Using rolling green hills and picturesque cows in marketing does little to tell consumers about the journey from farm to fork
A buffalo walks slowly through the fog of the shower area, while several others vie for position under giant roller massagers. Their diet is purely organic, grown on Tenuta Vannulo Organic Farm's 100 hectares of land and fertilized by buffalo manure. The animals eat when they want, are milked when they want, and, as a result of their stress-free lifestyle, this buffalo milk is some of the most valuable in all of southern Italy. Every drop of it is sold on-site at the ranch in the Cliento region near Naples, direct to consumers as delicious mozzarella balls, exquisite pistachio ice cream, and rich cream-filled cannolis.
"They are incredibly intelligent creatures and learn really fast," says farm tour guide, Daniel Aleman Lucker. Lucker worked in the stables with the buffalo for ten months before turning tour guide for the facility, which now hosts 15,000 visitors each year.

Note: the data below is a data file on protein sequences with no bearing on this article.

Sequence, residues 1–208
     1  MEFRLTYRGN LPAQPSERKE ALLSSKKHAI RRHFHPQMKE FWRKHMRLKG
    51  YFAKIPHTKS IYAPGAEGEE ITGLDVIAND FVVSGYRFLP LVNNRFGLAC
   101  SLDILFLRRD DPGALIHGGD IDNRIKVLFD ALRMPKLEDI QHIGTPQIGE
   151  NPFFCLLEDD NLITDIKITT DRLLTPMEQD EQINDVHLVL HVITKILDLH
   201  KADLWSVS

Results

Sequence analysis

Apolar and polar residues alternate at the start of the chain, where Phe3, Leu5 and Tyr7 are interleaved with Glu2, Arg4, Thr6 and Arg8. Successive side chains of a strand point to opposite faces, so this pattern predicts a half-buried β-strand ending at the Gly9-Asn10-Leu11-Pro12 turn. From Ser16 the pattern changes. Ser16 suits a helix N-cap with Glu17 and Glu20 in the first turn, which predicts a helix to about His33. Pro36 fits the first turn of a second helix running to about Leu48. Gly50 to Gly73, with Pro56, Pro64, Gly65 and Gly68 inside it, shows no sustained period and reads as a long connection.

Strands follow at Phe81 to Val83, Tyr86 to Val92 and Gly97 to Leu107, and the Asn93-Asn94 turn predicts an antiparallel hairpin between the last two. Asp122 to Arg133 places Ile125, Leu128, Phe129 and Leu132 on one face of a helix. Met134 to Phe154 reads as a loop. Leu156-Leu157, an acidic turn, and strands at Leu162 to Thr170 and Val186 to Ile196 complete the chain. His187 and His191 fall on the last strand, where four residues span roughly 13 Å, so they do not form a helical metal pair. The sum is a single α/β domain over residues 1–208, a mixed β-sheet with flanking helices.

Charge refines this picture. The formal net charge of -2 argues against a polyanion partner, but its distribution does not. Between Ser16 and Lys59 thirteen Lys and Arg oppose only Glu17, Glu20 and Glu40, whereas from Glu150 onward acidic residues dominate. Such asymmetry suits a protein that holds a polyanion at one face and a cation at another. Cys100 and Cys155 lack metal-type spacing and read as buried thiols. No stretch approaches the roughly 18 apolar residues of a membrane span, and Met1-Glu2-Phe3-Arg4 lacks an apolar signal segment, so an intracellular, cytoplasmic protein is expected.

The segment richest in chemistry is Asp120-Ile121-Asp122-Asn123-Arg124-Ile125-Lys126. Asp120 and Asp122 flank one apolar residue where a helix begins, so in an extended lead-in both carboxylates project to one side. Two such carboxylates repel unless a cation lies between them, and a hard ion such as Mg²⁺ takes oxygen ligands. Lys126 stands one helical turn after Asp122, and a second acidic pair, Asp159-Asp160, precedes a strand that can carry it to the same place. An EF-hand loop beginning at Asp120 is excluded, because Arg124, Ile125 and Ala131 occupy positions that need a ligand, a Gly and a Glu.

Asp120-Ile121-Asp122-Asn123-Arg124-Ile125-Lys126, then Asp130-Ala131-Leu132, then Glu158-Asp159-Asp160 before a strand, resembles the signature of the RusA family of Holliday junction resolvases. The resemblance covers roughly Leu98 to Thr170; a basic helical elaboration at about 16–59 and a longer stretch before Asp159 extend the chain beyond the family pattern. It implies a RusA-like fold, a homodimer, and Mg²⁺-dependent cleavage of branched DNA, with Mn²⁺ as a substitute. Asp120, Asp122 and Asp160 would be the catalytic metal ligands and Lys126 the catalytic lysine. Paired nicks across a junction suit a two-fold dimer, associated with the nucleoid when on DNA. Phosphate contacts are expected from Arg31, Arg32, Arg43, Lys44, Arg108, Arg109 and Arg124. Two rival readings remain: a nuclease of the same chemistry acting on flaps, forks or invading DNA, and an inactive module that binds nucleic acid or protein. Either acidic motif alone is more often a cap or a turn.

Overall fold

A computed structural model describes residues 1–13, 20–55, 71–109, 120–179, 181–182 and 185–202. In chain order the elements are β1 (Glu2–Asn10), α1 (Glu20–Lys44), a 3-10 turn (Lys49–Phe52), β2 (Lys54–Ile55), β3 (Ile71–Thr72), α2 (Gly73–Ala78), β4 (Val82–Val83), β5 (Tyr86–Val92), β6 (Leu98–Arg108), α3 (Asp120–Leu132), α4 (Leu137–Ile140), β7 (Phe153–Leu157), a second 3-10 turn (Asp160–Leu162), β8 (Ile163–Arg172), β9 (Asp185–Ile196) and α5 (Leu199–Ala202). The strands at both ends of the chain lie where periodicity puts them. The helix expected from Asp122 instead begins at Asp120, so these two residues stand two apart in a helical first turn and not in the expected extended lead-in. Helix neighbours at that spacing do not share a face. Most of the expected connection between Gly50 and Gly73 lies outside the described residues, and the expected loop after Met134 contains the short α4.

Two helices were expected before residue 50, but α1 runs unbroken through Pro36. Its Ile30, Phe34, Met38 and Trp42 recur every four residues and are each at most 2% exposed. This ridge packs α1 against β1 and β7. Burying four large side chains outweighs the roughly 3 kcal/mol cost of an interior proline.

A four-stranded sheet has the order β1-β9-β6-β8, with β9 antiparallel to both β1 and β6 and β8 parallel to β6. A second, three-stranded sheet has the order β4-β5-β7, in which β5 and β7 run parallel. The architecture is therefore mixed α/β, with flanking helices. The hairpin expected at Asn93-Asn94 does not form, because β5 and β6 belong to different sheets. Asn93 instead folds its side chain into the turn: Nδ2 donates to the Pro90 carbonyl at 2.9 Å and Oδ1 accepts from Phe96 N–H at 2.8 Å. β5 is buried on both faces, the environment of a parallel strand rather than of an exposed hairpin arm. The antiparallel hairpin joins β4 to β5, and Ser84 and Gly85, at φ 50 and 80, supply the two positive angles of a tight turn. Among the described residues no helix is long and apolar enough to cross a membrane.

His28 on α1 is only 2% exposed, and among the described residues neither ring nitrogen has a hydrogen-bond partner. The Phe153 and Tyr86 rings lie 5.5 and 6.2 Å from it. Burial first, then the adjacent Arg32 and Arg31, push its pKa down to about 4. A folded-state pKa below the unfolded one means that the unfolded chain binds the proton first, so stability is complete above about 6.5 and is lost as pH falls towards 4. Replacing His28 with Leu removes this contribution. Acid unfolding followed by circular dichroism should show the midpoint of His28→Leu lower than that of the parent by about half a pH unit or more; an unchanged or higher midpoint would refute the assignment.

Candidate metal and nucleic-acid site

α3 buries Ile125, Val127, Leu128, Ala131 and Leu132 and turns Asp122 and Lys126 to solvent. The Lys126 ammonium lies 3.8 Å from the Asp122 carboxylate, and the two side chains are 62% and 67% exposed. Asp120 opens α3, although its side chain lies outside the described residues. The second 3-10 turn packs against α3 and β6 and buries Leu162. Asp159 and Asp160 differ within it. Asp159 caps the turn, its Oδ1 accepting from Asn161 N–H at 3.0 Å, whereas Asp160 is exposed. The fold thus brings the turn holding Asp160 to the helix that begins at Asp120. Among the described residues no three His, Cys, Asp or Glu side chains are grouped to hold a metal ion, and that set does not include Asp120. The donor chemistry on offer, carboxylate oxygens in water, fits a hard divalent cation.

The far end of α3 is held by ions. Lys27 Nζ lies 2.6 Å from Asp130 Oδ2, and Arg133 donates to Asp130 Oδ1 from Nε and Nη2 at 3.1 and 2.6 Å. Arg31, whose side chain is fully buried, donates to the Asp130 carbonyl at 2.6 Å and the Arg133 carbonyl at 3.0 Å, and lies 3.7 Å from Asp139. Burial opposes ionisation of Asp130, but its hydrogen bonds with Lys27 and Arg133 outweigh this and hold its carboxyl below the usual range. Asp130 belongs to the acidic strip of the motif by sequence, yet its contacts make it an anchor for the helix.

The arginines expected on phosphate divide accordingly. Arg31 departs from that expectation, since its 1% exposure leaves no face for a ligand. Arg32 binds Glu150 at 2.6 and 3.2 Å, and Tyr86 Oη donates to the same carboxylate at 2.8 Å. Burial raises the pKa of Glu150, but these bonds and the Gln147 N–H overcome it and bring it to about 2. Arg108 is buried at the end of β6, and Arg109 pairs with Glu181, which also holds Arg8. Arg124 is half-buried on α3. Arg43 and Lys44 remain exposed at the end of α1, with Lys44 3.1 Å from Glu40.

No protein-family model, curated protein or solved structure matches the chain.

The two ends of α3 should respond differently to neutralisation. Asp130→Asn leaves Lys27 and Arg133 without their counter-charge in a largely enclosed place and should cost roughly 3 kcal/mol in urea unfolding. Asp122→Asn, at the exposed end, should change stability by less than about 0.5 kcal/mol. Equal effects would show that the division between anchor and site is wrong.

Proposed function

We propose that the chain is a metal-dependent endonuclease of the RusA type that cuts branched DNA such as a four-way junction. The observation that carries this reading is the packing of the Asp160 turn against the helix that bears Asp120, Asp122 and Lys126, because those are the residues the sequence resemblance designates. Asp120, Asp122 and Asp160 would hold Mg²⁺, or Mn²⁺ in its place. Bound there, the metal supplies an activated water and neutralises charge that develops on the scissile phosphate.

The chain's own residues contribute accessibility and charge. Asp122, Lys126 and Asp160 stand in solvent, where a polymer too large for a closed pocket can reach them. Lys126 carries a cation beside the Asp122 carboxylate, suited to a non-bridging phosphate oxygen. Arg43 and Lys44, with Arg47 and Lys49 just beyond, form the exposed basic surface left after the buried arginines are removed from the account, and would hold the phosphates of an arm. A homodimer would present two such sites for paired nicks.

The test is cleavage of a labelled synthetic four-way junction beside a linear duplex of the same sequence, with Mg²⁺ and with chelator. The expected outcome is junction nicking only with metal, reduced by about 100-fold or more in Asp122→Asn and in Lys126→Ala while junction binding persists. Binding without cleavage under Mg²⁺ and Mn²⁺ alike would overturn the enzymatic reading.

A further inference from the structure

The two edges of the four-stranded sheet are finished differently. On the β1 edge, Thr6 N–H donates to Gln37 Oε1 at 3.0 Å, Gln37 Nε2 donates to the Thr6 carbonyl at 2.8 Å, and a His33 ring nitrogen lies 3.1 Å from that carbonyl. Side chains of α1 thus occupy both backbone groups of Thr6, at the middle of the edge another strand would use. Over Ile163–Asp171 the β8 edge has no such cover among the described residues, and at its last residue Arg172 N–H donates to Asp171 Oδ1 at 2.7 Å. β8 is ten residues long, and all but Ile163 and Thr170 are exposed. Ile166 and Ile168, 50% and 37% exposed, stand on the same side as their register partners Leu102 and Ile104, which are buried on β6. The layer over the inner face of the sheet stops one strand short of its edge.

But the 600 buffalo of Vanullo are also milked in robotic boxes. They are bred to have just the right-sized teats for the job and stay for nine months in a concrete-lined facility. Feed comes to them pre-cut and pre-mixed in troughs, and the animals graze on actual fields for only the three months a year in which they are not producing milk. A single human being oversees the entire operation each day.
In other words, Vanullo is seemingly a ranch full of contradictions.
"That is not at all what I thought an Italian, organic ranch would be like," said a young woman who visited Vanullo from Gustolab, the food and culture studies institute in Rome, where I taught a seminar this June. "I thought there would be rolling hills, and the buffalo would graze on green grass."